At some point, we were envisaging to make a complete open source hexapod kit. But it's really hard to make the whole thing affordable and we are not really good at mechanical design, so we focused on electronics and software, which give us already quite a lot of job. I still believe that would be an awesome idea. I'm currious about how you used the maestro, is it driven by a PC?

The maestro is currently running on its own ( the usb cable dangling off my robot its just there to upload new scripts ). The plan is to have an arduino run the IK and send servo positions to the maestro, Im trying to share the load between processing tasks. and for simple situations like "RUN LIKE HELL ROBOT!" there will be routines set aside ont he maestro that can be called up and ran quickly.


The kit im working on has a base price of around $150 - $200 With out the servos. but im making it so almost any servo will fit,  every one has different frame horn setups and not everybody wants to use expensive hitec metal gear servos, Some people may want to shop for some chinese ones on ebay. or just have some sitting around

Ok I'll be interested to know if you manage to run the IK on an arduino, I wonder if it has the processing power to do it in real time.
What servo size are you basing your kit on? Will it be like a phoenix hexapod or more like a micro bug?

Thanks for making this open source.  This bug looks really great and I love the movements you've put together.  I've recently replaced the plastic gears in my Hitech HS-81 servos with metal ones, using a replacement kit Hitech sells, and I've been very happy with no new breakage (so far).

I'd been looking at the Pololu Maestro for some things I want to build, but haven't gotten into it yet.  I'm curious, what were the shortcomings you found with that controller?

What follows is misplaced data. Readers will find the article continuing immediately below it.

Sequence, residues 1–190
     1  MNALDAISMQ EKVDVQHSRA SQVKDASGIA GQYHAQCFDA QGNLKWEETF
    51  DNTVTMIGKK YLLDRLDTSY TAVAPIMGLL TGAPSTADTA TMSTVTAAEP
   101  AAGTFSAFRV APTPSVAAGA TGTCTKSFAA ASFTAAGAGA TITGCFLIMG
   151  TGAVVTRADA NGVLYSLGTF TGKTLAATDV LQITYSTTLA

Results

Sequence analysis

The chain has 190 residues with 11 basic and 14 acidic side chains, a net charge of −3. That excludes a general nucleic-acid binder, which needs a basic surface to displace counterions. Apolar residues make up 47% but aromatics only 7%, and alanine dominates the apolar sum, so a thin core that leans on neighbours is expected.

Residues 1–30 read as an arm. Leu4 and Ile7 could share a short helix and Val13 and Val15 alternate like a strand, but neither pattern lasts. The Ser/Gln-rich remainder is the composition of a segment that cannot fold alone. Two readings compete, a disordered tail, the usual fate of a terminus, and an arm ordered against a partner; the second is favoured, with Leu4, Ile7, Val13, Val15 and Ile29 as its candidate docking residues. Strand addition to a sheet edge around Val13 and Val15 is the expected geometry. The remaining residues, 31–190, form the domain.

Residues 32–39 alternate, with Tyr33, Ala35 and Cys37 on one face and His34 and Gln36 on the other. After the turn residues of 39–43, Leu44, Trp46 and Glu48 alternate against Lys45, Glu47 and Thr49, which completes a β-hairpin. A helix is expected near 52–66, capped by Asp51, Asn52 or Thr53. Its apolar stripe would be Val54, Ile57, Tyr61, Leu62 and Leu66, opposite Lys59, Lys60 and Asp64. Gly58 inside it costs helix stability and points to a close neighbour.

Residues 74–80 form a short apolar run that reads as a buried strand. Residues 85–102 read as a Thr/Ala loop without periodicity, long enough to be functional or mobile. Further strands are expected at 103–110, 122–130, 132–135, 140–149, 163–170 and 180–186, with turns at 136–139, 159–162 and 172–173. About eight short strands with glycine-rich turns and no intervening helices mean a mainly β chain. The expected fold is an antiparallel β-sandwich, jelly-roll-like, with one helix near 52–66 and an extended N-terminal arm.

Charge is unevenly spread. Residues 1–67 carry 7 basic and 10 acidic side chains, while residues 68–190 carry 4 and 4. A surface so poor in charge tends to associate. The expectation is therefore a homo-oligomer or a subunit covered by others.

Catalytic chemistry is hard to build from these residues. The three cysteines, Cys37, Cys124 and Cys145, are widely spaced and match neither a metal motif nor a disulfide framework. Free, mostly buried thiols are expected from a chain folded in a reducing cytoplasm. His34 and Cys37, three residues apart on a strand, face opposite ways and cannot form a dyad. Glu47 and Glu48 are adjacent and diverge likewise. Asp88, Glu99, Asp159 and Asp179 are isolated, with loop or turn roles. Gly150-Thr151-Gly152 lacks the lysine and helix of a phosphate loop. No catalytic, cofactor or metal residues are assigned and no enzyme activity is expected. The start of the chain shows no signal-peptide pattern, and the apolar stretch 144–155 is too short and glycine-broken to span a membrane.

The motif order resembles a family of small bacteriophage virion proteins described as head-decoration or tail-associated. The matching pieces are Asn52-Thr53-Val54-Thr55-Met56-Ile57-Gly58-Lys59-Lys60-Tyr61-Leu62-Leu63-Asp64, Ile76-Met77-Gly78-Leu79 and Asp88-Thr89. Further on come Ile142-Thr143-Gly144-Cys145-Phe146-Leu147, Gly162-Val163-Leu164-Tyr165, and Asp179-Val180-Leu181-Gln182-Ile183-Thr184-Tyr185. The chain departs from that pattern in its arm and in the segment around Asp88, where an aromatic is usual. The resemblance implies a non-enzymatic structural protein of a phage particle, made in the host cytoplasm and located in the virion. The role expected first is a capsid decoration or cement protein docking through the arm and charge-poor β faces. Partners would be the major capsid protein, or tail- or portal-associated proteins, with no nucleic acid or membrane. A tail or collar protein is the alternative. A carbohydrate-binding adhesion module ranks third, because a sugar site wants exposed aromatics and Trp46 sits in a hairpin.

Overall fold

Yes I was considering switching to metal gear servos, but they cost about 10 time the price of the ones I used!

About Pololu maestro, I don't have one myself so I might not be the best one to talk about them. From what we've seen from their website, there are a few reasons why we didn't use it:

  • It's designed around a small 16 bits PIC microcontroller (i'm guessing from the picture, because I couldn't find it anywhere on their site), with 8KB of eeprom available for the user. OpenSCB is designed around a 32 bits AVR microcontroller with 256KB of flash in total (program+user).
  • I believe the main difference is that because their firmware and configuration GUI is closed source, I'm limited to what Pololu offer me, I can't extend it, I can't improve it.
  • We wanted to have RC/PPM input from a RC transmitter, I don't think the maestro can do that.
  • So even if I make the considerable effort of rewriting a custom firmware for the Pololu, I don't think I would be able to implement real time inverse kinematric and rotation matrix as we did for this robot. We would need another board to control the maestro.
  • The next release of OpenSCB, will probably have even more IO, and the possibility to easily plug a bluetooth module, Lego NXT sensors, and AX-12 servos. That's another cool thing about an open source project, people are more easily giving their feedback and we can improve our board.

So for a lot of applications maestro might be a very good board, but when you need more complex control, I believe you need a better board. It really depends what you are trying to do.